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Old 08-31-2014, 07:38 PM
 
Location: Jacksonville, FL
11,145 posts, read 14,111,324 times
Reputation: 7075

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Quote:
Originally Posted by bcisco33 View Post
When I read this I couldn't believe it. I'm 27 and hoping to move at 28..from Connecticut to a list of cities very similar to yours haha. Maybe its a CT thing. The only difference is I'm not gay (which doesn't matter, although I understand in your case a good community for that would be important). And I don't have the professional experience you have. I'm wondering since this is an old post, how did things turn out? I know CT has a way of being a black hole, keeping you sucked in. HMB let me know what happened man.
I'm still here in CT and now I'm 30 years old lol. But currently looking for a job both within and out of CT. I want to get out of Fairfield County so I've been looking around Hartford, but there's no jobs! I'm going to have to leave the state, pretty much. At he end of the day, it's a small state with only so many places with jobs available outside of Fairfield and New Haven Counties, which I don't want to live in.
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Old 08-31-2014, 07:52 PM
 
Location: Metro Detroit Area, Michigan
1,107 posts, read 2,706,585 times
Reputation: 533
Quote:
Originally Posted by nep321 View Post
I'm still here in CT and now I'm 30 years old lol. But currently looking for a job both within and out of CT. I want to get out of Fairfield County so I've been looking around Hartford, but there's no jobs! I'm going to have to leave the state, pretty much. At he end of the day, it's a small state with only so many places with jobs available outside of Fairfield and New Haven Counties, which I don't want to live in.
Connecticut seems boring. Not sure why anyone would continue to live there. No major sports, no major destinations, Higher taxes. higher cost of home, low pay jobs, boring scenery.

Flat road with farmland. Exciting driving after a day of work when I was there.
http://i60.tinypic.com/29opclf.jpg
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Old 08-31-2014, 08:47 PM
 
Location: Jacksonville, FL
11,145 posts, read 14,111,324 times
Reputation: 7075
Quote:
Originally Posted by Jwo85 View Post
Connecticut seems boring. Not sure why anyone would continue to live there. No major sports, no major destinations, Higher taxes. higher cost of home, low pay jobs, boring scenery.

Flat road with farmland. Exciting driving after a day of work when I was there.
http://i60.tinypic.com/29opclf.jpg
This is very inaccurate. Jobs pay VERY high compared to the rest of the country. The scenery is NOT boring. It has very interesting topography, hills, forest, rivers, valleys, coastline, etc. The only area of the state that's flat is the area near Bradley International airport. And the town centers and houses are beautiful to look at. It's quintessential New England.
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Old 08-31-2014, 10:19 PM
 
3,751 posts, read 3,714,703 times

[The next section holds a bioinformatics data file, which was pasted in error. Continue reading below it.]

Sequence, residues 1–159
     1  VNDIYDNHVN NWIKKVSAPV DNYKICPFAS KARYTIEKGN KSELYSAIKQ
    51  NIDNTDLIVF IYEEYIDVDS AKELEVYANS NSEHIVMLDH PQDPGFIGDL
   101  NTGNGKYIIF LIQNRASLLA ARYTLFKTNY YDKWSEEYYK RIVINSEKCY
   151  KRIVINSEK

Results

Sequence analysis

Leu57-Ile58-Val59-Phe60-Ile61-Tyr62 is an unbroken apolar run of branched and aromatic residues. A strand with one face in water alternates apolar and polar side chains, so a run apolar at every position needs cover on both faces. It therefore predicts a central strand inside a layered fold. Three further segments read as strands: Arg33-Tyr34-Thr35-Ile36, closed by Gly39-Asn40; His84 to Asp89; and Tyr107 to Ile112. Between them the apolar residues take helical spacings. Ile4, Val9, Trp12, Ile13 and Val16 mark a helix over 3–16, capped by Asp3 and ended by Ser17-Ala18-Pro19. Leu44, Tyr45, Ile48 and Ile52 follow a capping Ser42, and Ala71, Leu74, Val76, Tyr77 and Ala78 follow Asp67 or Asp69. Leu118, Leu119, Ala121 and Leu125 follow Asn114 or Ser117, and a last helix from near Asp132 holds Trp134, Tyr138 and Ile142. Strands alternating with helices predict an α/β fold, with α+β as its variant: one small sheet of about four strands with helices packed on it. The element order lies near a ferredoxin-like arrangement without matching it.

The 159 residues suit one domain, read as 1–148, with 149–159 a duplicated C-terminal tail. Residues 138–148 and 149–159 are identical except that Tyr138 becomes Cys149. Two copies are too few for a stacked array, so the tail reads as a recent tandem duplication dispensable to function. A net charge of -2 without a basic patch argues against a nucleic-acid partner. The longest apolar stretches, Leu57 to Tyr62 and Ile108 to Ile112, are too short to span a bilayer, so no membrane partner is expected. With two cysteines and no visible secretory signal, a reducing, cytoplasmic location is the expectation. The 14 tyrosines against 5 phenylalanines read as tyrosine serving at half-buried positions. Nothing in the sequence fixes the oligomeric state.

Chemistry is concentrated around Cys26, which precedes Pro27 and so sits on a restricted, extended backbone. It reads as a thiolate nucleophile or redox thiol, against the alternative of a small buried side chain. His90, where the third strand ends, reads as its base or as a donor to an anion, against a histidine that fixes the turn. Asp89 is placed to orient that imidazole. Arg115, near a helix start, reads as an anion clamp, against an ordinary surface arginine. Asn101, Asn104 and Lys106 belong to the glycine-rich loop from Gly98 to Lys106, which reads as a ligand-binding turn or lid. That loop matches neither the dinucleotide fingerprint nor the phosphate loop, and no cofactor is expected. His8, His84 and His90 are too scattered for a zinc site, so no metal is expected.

Reputation: 3526
28 is not too old at all, just make sure you have stuff planned well. And lots of money
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Old 08-31-2014, 10:28 PM
 
Location: southern california
55,641 posts, read 74,577,828 times
Reputation: 48128
i came here @29. i did it.
compared to french ghetto the welfare flophouse in SF was a palace. Thor hotel-- remember that name-- on mission and 16th.
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Old 09-01-2014, 07:52 AM
 
161 posts, read 180,719 times
Reputation: 128
I'm in a pretty similar spot as you. I've been contemplating a move for a few years now. Turn 30 this year, also gay with a masters and a few years experience in my field (city planning). Can be pretty challenging to get a job out of state in my field so i've been considering a move next year without a job just to ensure i'm in the city I want to be in.

I'm also placing a lot of value in moving somewhere that's affordable with a large gay population that's not pretentious (which rules out the gay population hubs of NY, DC, SF, Miami, Boston, LA). I'm currently in Raleigh-Durham-Chapel Hill and want to move somewhere as progressive and with a larger gay population. Chicago is the frontrunner but i'm also considering Denver and Seattle.

My thoughts on your list... I don't think you'd like Atlanta. I consider it more southern than Raleigh-Durham and think it'd be a decent culture shock. And like you said, the traffic is horrible. Out of the cities you listed, I'd go with Columbus. It has a surprisingly large gay population, good quality of life and pretty affordable. Won't be much culture shock either. Austin and Nashville are somewhat similar but you'll have more transplants in Austin.

It's good to see everyone in support of you moving at this age. I've gotten mixed support from people who i've shared my idea of moving in a year without a job. Obviously prefer to move with a job if i can. I just don't think people get how challenging it can be to get interviews out of state in certain fields.
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Old 09-01-2014, 10:20 AM
 
Location: Jacksonville, FL
11,145 posts, read 14,111,324 times
Reputation: 7075
Quote:
Originally Posted by tarheel84 View Post
I'm in a pretty similar spot as you. I've been contemplating a move for a few years now. Turn 30 this year, also gay with a masters and a few years experience in my field (city planning). Can be pretty challenging to get a job out of state in my field so i've been considering a move next year without a job just to ensure i'm in the city I want to be in.